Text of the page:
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Which CPU is best?

Building your own computer or upgrading the individual components can be a daunting task. There are numerous aspects that need to be compatible, reliable and powerful enough for your electronic activities. But the one internal piece that stumps even the most ardent technological user is which central processing unit is the best for their purpose.

It’s not as simple as only deciding between Intel or AMD, but if AMD is your preferred brand, then its Ryzen 7 5800X 8-Core, 16-Thread Unlocked CPU is an excellent choice.  

What to know before you buy a CPU

Intel vs. AMD

Deciding between Intel and AMD is the most challenging aspect of selecting a CPU. While several factors must be taken into consideration, it will mostly come down to preference. But with that said, AMD processors are lighter on power consumption and provide better security. Intel processors, on the other hand, are better at overclocking, software and overall specifications.

Overclocking provides more power

A CPU’s main specification is the base clock speed, which determines its processing power. But this is just the regular-usage speed — through special software, you can squeeze a bit more power out of it. The practice is called overclocking and is typically a selling point. It’s rather tricky (and volatile), but CPU manufacturers don’t frown on it. Overclocking might be needed if you want your system to perform resource-intensive tasks faster.  

Motherboard socket type

An important factor that goes into deciding on a CPU is which motherboard and socket type you have — or plan on getting. Intel CPUs will only fit on Intel-compatible motherboards, and AMD CPUs will only fit on AMD motherboards. Similarly, depending on the age of the motherboard, it may have a different socket type. This is essentially how many pins the CPU has to correspond to the slots on the motherboard.

What to look for in a quality CPU

Base clock speed

The base clock speed should be sufficient for everyday tasks and video games without putting strain on the computer’s other resources. A modern CPU should have a clock speed of at least 4.2 gigahertz to play the latest video games, but some can go as high as 4.8 GHz.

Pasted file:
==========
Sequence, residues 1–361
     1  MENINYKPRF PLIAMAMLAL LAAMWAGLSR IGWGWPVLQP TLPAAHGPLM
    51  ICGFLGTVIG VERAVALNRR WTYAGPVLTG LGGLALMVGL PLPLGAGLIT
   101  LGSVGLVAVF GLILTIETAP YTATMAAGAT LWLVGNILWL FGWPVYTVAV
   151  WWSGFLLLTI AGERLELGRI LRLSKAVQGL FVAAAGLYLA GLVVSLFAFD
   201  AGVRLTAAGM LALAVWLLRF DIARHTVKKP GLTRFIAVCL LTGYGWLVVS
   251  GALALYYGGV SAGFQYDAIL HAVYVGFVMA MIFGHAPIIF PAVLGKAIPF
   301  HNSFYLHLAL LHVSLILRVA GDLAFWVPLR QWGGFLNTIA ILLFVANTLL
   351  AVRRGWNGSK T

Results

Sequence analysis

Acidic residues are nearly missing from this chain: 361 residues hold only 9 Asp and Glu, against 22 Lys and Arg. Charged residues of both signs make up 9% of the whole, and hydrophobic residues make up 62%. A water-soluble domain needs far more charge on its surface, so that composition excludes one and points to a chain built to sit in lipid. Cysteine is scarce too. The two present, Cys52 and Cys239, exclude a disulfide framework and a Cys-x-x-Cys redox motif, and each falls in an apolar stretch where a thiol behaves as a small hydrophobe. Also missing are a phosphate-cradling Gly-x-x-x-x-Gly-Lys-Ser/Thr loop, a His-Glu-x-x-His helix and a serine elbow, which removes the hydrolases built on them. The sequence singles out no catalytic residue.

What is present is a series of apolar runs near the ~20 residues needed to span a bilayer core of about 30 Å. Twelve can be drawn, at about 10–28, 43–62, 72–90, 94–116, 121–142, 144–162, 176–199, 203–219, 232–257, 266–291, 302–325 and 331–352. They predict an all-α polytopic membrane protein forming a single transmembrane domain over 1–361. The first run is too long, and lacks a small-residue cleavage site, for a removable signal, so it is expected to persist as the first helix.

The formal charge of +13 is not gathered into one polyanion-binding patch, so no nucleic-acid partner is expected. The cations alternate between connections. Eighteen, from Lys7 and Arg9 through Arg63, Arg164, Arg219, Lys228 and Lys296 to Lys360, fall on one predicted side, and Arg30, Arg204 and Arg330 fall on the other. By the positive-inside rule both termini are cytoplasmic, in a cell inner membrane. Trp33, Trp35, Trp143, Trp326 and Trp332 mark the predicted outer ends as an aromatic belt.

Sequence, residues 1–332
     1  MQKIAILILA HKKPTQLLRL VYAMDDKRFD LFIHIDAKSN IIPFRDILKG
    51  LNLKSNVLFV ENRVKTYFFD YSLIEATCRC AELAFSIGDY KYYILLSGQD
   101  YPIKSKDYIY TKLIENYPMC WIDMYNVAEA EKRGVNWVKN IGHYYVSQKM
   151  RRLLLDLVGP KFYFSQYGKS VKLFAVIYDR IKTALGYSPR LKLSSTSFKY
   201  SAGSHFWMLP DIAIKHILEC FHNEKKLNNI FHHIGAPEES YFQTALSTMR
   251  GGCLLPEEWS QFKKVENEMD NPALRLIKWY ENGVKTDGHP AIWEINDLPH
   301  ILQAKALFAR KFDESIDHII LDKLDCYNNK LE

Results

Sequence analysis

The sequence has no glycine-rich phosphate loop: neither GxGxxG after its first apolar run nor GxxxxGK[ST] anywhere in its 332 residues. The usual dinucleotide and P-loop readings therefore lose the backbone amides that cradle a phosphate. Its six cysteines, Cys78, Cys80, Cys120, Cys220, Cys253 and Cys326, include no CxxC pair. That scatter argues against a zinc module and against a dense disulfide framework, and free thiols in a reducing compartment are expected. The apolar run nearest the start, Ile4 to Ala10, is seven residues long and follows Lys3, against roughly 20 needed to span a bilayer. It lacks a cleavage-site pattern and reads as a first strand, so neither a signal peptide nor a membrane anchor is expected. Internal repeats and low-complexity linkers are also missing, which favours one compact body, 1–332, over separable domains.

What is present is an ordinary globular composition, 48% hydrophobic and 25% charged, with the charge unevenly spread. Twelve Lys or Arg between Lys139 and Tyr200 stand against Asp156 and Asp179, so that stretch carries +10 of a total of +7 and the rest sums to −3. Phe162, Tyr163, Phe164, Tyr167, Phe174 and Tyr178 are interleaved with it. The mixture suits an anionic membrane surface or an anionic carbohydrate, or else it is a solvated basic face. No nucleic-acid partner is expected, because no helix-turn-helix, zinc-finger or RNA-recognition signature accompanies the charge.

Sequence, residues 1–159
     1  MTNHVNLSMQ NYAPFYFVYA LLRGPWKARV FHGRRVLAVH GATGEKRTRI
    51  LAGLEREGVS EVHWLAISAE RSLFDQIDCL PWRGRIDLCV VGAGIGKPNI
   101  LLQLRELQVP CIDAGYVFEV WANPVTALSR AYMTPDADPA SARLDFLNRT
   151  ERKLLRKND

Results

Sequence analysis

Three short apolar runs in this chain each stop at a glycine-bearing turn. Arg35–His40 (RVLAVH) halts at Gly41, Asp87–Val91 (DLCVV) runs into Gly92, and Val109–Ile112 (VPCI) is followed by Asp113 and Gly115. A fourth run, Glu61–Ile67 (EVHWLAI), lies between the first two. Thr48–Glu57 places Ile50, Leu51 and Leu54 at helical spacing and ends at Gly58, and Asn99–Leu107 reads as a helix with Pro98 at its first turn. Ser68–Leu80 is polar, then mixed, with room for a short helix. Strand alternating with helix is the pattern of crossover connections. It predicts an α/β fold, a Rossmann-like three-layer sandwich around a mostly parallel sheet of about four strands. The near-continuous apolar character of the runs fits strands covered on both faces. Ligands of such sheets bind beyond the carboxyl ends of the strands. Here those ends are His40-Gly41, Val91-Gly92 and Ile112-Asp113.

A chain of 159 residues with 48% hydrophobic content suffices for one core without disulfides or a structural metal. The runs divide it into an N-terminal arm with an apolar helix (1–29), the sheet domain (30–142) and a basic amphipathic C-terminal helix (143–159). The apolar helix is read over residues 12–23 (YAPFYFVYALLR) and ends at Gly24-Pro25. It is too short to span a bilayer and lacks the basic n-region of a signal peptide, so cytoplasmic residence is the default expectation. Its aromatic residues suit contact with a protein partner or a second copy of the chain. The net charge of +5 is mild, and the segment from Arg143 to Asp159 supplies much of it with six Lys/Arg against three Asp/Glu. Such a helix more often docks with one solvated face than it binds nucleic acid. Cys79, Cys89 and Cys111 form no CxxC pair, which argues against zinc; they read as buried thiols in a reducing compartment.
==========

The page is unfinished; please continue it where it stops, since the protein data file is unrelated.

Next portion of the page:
Number of cores

Another important specification, the cores in a CPU determine how many tasks the processor can handle. A good-quality CPU has between eight and 64 cores, while entry- to mid-level CPUs can have as few as two or four cores. The number of cores you need depends on what you use your computer for. A higher core count is recommended for video editing or playing video games on the highest settings.  


The threads inside a CPU work simultaneously with the cores. The number of threads determines how many independent processes the chip can perform. Some CPUs can use two or more threads for processes, and Intel calls this Hyper-Threading. More threads can make resource-intensive programs run smoother. 

How much you can expect to spend on a CPU

The average price of a CPU largely depends on the manufacturer, the thread count and the clock speed. An entry level CPU with eight cores retails for $200-$250, while a powerful CPU for video games costs $400-$500.


What’s the difference between a CPU for gaming and office work?

A. While a CPU for gaming is perfect for everyday office work, there are a few differences. Gaming CPUs tend to have higher overclocking results, require a stronger power supply and are resource-intensive.

Can you put a desktop CPU into a laptop?

A. No — the CPUs are different in size and specifications. A laptop CPU is much thinner than a CPU that goes into a desktop computer and often has a different socket type.

What’s the best CPU to buy?


AMD Ryzen 7 5800X 8-Core, 16-Thread Unlocked Desktop Processor

AMD Ryzen 7 5800X 8-Core, 16-Thread Unlocked Desktop Processor

What you need to know: This component is AMD’s fastest eight-core CPU with 16 processing threads. Perfect for video games, it can easily produce over 100 frames per second when paired with the correct graphics card. 

What you’ll love: Its clock speed can be boosted to 4.7 GHz while the 36 megabytes of cache aids in producing a maximum performance for resource-intensive tasks.

What you should consider: A cooler for the CPU isn’t included, so you’d need to check the specifications and buy it separately. 

Where to buy: Sold by Amazon

Top CPU for the money

Intel Core i7-10700F Desktop Processor

Intel Core i7-10700F Desktop Processor

What you need to know: With a clock speed of up to 4.8 Ghz, this CPU is powerful enough for most applications while being affordable.

What you’ll love: It has an Intel Smart cache of 16 megabytes, has eight cores and 16 threads and only requires a 65-watt power source. 

What you should consider: The base clock speed is relatively low at 2.9 GHz, so if you are afraid to overclock, you won’t get the most out of the chip.

Where to buy: Sold by Amazon

Worth checking out

Intel Core i9-12900K Desktop Processor

Intel Core i9-12900K Desktop Processor

What you need to know: Compatible with LGA-1700 sockets, this CPU has 30 megabytes of L3 cache, dramatically reducing the time it takes to access information.

What you’ll love: With 16 cores and 24 threads, it’s at the pinnacle of computer performance. The 3.2 GHz base clock speed can be boosted to 5.2 GHz and the Intel Thread Director automatically sends tasks to the best cores for the job.

What you should consider: It beats out other CPUs by a country mile in specifications and performance, but the retail price of $600 is difficult to justify. 

Where to buy: Sold by Amazon


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Charlie Fripp writes for BestReviews. BestReviews has helped millions of consumers simplify their purchasing decisions, saving them time and money.

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